Jean Philippe, Wendy K.
Focus Point: Pennsylvania
Culture of Honor
The Planter Class of the South was a society dominated by great plantations and wealthy
landowning planters. Wealthy southern whites maintained their image of themselves as
aristocrats in many ways. Medieval knights were a popular and powerful image and there was a
special role for southern white women.
Southern white males believed they were the 'cavalier' and adopted a code of chivalry
through dueling. Women were affected "through their role in the socialization process, as well
as active participation." they were thought of as "the southern "Belk"- usually a virgin who was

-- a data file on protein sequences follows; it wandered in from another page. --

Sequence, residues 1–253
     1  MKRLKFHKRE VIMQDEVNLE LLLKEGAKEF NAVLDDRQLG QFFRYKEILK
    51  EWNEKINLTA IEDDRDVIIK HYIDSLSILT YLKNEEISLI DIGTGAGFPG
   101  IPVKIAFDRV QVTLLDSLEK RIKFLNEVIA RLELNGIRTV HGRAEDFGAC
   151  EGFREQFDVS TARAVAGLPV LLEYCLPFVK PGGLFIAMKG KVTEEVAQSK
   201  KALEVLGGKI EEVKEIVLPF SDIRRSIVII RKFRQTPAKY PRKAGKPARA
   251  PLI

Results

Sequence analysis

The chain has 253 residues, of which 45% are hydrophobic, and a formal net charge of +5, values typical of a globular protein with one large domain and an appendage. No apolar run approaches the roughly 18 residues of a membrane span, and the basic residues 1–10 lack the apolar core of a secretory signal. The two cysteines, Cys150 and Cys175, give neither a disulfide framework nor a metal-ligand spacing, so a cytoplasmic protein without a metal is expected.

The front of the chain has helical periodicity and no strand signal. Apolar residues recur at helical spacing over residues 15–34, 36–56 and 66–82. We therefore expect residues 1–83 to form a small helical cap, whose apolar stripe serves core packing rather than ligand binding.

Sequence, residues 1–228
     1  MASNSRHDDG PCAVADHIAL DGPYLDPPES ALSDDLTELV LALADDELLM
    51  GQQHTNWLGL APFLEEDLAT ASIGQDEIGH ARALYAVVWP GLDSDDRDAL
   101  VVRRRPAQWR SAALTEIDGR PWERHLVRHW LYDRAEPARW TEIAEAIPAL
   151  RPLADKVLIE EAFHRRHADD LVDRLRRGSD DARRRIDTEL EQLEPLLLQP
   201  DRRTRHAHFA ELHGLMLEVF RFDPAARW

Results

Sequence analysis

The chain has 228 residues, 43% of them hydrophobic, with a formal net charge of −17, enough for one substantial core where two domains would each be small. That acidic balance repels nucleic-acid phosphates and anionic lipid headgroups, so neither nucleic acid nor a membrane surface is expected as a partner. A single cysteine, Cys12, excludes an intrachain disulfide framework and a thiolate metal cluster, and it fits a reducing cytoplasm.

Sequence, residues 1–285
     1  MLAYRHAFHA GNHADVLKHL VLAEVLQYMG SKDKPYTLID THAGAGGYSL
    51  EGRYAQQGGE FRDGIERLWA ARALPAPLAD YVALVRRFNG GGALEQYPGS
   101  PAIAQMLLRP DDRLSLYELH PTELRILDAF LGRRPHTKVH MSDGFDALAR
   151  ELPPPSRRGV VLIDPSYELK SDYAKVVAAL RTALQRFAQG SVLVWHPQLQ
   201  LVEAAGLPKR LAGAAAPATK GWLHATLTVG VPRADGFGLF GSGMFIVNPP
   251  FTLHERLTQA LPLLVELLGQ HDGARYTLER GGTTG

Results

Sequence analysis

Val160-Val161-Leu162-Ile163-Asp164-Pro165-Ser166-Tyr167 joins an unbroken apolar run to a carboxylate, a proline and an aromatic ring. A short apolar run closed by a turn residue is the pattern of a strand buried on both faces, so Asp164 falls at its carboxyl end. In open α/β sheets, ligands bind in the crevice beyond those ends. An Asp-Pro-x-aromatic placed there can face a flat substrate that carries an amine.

educated and had authority. Many of these women engaged in the economic life of the family
and helped supervise the slave workforce. But because of the code of honor in the region and
the men’s chivalrous behavior towards the women, the southern Belk had a subordinate status
compared to women in the North.
Perhaps the most significant reason for the idea of honor in the South was tied to the
public appearance of dignity, authority, ethical behavior, and bravery. Southern white males
wanted to be challenged in their "manhood". Bringing the Code of Honor into action was
deemed a necessity in many parts of Southern society and bringing vengeance for the women
was their duty as a white south